What is Extrusion？
What is Extrusion？
Extrusion, from the Latin past participle extrudere meaning “to thrust out,” refers both to the process in which material is forced through a die or series of dies in order to shape it as well as to the product of that operation. The process is used in the home and in manufacturing. The shapes most often produced in this way include round objects like tubes, rods, and pipes, rectangular objects like solid and hollow bars, and plates. The term also refers to the outpouring of lava from a volcano.
In the home, the most familiar example of extrusion may be the pastry bag. Used to form cookies and to frost cakes, the pastry bag extrudes icing or dough through a tip that shapes the output. This is done in short bursts to produce a set of identical items quickly. Kitchen equipment that makes pasta or sausage may also feature an extruder that shapes the finished product. A very popular extruder toy is sold with modeling compound, in which a user selects a die and slides it across the front of the machine, inserts the soft material, and presses the handle to produce either long or short pieces of clay in the shape desired.
In manufacturing, extrusion is used with a variety of materials, including metal, plastic, ceramics, and food. Different materials undergo this process to make different types of products. Copper is extruded to make pipes for plumbing, while aluminum is used to make things like window frames, tracks, and railings. Steel is extruded into tracks or rods, and some titanium aircraft parts are produced this way. Plastic extrusion results in an array of shapes, including cylindrical tubes, pipes, and rods, rails, and very thin rectangular surfaces that are characterized as sheets or films.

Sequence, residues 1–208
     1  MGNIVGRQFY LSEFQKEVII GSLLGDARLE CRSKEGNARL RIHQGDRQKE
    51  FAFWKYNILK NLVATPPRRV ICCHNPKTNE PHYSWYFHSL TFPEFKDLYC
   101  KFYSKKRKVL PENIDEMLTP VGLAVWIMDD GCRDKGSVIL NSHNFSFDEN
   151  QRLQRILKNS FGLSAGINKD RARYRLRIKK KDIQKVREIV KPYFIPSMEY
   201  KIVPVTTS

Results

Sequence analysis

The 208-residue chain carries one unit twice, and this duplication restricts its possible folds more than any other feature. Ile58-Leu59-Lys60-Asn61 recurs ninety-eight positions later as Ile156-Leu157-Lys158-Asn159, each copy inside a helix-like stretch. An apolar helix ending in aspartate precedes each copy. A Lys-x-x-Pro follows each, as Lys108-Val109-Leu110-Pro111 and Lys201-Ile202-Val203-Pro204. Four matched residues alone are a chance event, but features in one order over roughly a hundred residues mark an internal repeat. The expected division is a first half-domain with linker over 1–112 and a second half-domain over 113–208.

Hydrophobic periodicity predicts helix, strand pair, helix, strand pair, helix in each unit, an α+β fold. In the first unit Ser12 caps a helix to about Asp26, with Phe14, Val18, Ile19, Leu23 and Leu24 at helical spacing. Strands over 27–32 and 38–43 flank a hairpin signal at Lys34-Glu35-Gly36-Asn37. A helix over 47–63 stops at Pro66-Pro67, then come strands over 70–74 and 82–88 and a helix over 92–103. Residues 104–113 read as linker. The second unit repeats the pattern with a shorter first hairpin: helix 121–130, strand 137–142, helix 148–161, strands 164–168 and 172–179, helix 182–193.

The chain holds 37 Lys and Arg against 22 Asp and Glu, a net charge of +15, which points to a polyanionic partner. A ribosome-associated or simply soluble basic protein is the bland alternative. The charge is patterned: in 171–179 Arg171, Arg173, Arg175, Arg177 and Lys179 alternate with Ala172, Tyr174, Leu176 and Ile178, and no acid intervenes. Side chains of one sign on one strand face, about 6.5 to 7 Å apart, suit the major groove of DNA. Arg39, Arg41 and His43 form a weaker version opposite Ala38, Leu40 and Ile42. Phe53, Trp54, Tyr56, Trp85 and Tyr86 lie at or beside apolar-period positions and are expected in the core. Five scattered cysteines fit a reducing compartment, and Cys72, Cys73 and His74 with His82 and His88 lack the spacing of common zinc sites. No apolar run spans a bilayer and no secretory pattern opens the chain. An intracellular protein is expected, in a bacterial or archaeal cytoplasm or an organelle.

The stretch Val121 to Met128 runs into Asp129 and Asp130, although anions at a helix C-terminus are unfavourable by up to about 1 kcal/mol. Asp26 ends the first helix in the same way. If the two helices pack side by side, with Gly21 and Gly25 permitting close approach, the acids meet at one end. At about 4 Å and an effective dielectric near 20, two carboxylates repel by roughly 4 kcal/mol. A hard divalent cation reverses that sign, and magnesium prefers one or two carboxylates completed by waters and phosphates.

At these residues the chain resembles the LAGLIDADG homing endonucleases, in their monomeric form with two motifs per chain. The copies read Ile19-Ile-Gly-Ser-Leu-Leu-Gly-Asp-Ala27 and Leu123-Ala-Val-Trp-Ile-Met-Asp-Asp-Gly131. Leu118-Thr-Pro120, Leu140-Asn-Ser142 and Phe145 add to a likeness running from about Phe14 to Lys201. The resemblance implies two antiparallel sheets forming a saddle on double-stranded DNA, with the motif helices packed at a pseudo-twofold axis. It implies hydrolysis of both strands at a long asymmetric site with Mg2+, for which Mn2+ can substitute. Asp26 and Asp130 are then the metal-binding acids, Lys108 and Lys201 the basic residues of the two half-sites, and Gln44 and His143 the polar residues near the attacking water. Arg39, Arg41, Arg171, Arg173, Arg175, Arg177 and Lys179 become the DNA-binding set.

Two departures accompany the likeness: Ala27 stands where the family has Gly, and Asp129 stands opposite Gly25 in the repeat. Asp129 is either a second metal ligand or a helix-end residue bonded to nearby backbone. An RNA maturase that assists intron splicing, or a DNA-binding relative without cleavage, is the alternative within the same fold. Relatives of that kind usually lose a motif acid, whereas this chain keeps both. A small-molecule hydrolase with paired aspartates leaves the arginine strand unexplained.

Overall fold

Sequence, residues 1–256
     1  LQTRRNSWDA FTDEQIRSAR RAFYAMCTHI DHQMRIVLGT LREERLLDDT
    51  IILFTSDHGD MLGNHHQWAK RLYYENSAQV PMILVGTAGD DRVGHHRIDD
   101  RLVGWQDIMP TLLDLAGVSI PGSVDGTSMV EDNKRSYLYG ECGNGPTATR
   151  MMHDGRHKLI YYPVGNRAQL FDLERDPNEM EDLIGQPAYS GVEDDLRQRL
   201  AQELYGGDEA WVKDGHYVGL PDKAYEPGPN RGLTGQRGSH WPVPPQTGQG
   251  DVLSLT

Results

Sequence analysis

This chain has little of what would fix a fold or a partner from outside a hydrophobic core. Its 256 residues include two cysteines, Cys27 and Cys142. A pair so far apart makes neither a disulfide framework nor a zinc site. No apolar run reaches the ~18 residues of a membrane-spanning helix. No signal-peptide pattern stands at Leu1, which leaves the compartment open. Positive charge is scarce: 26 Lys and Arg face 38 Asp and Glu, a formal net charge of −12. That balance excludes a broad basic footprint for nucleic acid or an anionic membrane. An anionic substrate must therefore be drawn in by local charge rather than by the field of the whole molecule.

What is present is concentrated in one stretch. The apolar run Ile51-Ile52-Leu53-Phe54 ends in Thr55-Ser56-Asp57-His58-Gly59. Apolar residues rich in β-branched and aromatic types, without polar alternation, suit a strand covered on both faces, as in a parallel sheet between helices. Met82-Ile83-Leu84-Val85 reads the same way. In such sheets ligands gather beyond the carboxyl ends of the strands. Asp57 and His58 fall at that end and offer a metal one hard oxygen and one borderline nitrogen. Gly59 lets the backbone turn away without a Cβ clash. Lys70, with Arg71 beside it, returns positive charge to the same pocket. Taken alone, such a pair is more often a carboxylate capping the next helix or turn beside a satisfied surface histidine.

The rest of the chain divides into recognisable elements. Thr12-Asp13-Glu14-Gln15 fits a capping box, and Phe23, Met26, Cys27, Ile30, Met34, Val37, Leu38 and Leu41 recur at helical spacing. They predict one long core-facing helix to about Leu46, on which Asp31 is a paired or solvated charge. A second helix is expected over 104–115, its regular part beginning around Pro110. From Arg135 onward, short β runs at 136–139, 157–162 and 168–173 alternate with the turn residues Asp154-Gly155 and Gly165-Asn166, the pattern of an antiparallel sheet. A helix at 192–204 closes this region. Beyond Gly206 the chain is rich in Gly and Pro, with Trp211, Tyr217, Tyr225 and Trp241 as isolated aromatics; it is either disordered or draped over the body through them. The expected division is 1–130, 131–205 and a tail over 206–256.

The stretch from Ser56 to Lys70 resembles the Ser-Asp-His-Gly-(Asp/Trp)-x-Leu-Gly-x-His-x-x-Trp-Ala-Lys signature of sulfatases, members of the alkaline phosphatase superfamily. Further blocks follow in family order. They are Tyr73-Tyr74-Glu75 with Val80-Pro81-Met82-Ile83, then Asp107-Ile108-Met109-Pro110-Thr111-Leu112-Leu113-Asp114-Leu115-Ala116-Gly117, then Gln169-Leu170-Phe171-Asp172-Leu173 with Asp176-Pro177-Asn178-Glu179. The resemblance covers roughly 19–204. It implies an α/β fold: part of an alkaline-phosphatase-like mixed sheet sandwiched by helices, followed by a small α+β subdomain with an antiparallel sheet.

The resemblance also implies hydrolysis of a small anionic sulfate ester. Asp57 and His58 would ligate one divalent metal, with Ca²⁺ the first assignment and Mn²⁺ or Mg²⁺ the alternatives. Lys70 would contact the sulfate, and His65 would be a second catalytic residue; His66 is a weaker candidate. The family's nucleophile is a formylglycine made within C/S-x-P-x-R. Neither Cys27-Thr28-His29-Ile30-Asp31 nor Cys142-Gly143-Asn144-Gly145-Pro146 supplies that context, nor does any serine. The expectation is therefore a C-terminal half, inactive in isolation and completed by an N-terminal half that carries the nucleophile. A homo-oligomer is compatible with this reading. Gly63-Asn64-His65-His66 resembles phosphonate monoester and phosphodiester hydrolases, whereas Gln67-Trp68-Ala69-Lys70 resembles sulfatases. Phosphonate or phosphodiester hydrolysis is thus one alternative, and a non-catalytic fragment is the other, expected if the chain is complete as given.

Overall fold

Food manufacturing uses extrusion in ways that go beyond what is possible in the standard home kitchen. Cheese curls and other snacks, pastas, cereals, and nutritional bars all are made with this process, as are a number of pet foods. In fact, extruded foods is a food science specialty, and scientists who have training and experience in this particular realm of food manufacturing oversee these processes. There is debate over whether making food this way, in at least some cases, reduces the nutritional quality of the item.
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